Winston Churchill in Richmond

What happened when the British Bulldog came to town.

Actor John Lithgow’s portrayal of the mercurial Winston Churchill in “The Crown” landed him an Emmy a few months ago. And Gary Oldman plays the former prime minister of the United Kingdom in “Darkest Hour,” generating Oscar buzz for his performance.

More than 50 years since Churchill’s death in January 1965, intrigue continues to follow the cigar-chomping, brandy-sipping renaissance man — hailed by many historians as the greatest political figure of the 20th century.

But few Virginians are aware that Churchill was fascinated by America’s Civil War. In October 1929, he followed the story to Richmond, using the Executive Mansion as his base of operations while he toured local battlefields as background for books and articles.

Churchill’s brief stay nearly drove his hostess, Virginia first lady Anne Beverley “Sittie” Byrd, the wife of Gov. Harry F. Byrd, to distraction.

“Harry, don’t you ever invite that man back,” she commanded, as the famous Englishman’s car wound its way out of Capitol Square. Churchill was bound for Fredericksburg and more slogging through thickets and open battlefields where North and South had clashed so bloodily some 75 years before.

In May 1929, the energetic Churchill, 54, suddenly found himself out of political power and with a rare chunk of time on his hands with the parliamentary defeat of the Conservative government. He lost his position as Chancellor of the Exchequer, and not unimportantly, the salary that came with it.

Churchill was well known however, internationally for his other accomplishments: as a soldier, war correspondent, member of Parliament, historian and cabinet minister.

Seeking to generate some income, Churchill decided to step up his writing, a skill for which he also was widely recognized. His new projects included a biography of John Churchill, the first Duke of Marlborough, an ancestor, as well as a series of 10 newspaper articles for London’s Daily Telegraph that would chronicle his North American trip.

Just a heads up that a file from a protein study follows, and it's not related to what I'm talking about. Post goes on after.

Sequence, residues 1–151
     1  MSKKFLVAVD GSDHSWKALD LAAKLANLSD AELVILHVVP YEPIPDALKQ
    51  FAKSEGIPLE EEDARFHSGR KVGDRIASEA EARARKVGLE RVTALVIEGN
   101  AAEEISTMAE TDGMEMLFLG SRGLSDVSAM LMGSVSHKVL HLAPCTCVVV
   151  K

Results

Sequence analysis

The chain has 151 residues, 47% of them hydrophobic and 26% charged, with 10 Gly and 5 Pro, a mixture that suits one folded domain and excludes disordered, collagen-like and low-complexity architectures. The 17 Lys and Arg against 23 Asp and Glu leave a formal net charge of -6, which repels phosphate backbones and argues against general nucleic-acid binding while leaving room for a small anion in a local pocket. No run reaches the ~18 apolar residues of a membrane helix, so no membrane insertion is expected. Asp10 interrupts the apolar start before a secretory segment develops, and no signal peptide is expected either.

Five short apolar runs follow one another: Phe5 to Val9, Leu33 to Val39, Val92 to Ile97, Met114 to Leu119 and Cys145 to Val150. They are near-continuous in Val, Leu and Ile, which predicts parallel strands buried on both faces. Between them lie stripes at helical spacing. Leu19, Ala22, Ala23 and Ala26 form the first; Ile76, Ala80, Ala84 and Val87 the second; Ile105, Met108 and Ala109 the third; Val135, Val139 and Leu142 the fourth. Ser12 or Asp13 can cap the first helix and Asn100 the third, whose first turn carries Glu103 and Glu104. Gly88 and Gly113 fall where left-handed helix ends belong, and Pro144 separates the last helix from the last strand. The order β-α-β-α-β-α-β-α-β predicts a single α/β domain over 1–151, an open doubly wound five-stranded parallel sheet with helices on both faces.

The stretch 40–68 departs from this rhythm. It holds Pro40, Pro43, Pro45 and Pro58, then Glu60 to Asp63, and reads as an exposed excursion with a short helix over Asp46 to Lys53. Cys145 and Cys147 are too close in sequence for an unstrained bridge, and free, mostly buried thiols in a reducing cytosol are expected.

The 1929 stay with Sittie and Harry Byrd came near the end of Churchill’s nearly three-month, mostly-for-pleasure transcontinental journey, which took his party westward across Canada then back to the U.S. East Coast.

His American literary agent welcomed the proposed U.S. visit, figuring it would bolster readership of future books. And Churchill wrote in anticipation, “It’s fun to get away from England and feel one has no responsibilities for her exceedingly tiresome and embarrassing affairs.”

In planning his carefully choreographed itinerary, Churchill turned to Bernard Baruch, an American friend and prominent figure in financial circles worldwide. Baruch suggested not only important figures in politics, business and entertainment with whom Churchill might hobnob, but also people who might underwrite the travel expenses.